Can we live without single-use plastics? And are there good-enough alternatives?
We are so used to the convenience that single-use plastics give us that we barely pay attention to how much they serve our daily lives. We take them for granted, call them technological advancement, and accept them as part of our standard of living. It is okay to go for a walk and buy ourselves a cup of coffee from the bakery down the street. But what happens with the single-use plastics when we are done with them? Well, they end up in the trash of course. We might secretly hope they are to be recycled, but truth is, they rarely are. Same goes for straws, plastic ware, stirrers, plates, Styrofoam containers, cotton buds, cigarette butts, sticks for balloons. Those are only the first 10 most common single-use plastic items found on European beaches.
The good thing is they have sustainable alternatives such as bamboo straws, paper cups, plates, containers and cutlery. This is one of the reasons that the European Union has resolved to ban the use of single-use plastics on its territory starting July 2021. The law, called Single-Use Plastics Directive, aims to prevent, and reduce the impact of certain plastic products on the environment, in particular the aquatic environment, and on human health. It says:
In the European Union, 80% to 85% of marine litter, measured as beach litter counts, is plastic, with single-use plastic items representing 50% and fishing-related items representing 27% of the total. […] Single-use plastic products and fishing gear containing plastic are therefore a particularly serious problem in the context of marine litter, pose a severe risk to marine ecosystems, to biodiversity and to human health. (from the DIRECTIVE (EU) 2019/904 OF THE EUROPEAN PARLIAMENT AND OF THE COUNCIL)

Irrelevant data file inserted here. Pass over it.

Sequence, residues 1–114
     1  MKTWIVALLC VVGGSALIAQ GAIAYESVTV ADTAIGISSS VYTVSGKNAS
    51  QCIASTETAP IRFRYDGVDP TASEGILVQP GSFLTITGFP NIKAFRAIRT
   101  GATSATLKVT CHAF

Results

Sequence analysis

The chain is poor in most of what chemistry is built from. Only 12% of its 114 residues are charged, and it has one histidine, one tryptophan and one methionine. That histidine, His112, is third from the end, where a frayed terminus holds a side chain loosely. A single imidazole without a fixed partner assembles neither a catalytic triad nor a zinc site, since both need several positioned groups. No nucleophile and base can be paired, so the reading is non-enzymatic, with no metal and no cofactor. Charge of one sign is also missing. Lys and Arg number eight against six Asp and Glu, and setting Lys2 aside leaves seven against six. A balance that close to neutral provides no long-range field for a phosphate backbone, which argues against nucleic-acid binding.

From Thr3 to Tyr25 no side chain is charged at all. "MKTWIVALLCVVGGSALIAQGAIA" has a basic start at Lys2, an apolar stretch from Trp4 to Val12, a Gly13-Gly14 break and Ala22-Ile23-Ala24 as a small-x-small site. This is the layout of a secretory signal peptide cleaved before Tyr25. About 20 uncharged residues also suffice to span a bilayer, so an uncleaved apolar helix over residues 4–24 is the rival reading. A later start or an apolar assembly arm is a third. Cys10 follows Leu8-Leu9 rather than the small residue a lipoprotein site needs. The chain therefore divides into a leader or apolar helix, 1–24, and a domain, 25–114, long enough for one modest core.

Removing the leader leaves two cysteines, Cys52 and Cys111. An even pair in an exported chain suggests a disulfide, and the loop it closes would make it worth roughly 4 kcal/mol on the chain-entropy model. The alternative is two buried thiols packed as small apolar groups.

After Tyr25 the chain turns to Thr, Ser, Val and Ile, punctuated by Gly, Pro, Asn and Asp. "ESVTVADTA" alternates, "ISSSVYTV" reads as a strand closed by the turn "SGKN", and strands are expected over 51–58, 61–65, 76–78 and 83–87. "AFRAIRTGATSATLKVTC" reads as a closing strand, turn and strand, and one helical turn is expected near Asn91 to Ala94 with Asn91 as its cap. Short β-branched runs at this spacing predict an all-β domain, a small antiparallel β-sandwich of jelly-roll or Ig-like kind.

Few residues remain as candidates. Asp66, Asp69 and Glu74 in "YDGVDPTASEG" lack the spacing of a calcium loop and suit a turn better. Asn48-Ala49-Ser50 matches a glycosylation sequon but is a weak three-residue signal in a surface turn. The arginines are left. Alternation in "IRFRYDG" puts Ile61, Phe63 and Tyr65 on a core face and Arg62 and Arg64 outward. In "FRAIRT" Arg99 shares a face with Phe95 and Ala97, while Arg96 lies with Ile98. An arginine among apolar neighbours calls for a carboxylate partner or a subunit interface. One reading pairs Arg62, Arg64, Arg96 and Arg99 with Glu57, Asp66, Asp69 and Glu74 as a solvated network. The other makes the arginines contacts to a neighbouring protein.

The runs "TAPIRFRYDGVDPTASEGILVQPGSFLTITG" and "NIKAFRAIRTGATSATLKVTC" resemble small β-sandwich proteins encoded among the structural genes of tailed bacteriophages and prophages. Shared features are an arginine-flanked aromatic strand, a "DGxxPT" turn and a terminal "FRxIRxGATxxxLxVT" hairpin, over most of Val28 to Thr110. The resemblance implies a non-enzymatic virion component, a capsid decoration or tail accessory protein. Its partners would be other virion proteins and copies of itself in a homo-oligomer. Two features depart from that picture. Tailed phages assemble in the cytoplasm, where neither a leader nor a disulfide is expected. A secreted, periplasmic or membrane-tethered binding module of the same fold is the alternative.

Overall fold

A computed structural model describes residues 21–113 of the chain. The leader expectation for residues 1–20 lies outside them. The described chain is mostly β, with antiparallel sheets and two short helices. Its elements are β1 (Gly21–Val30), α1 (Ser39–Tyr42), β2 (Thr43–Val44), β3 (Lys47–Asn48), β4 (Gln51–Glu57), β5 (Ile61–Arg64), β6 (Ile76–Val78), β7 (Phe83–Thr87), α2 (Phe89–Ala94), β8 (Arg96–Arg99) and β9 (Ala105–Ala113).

Have you ever wondered how much time it takes for plastics to decompose?
From a couple of dozen to hundreds of years, maybe even millions, we are not sure yet. Here are the degrade periods of some single-use plastic products we have been using on a daily basis.
Plastic bags – 20 years
Takeaway coffee cups – 30 years
Plastic straws – 200 years
6 pack plastic rings – 400 years
Plastic bottles – 450 years
Styrofoam – from 500 to a million years (https://www.ecofriendlyhabits.com/styrofoam-facts/)
What makes plastic so difficult to decompose?
Plastic is made of processed petroleum and is unrecognized by the organisms that normally break down organic matter.
Sunlight can degrade it, but it does not reach the plastics stored in containers or deposited underground.
We certainly need to think about more sustainable alternatives, because plastics is polluting our land, our water supply and food.
In the next few weeks, we will give you sustainable alternatives to the single-use plastics that the EU has set to ban on its territory.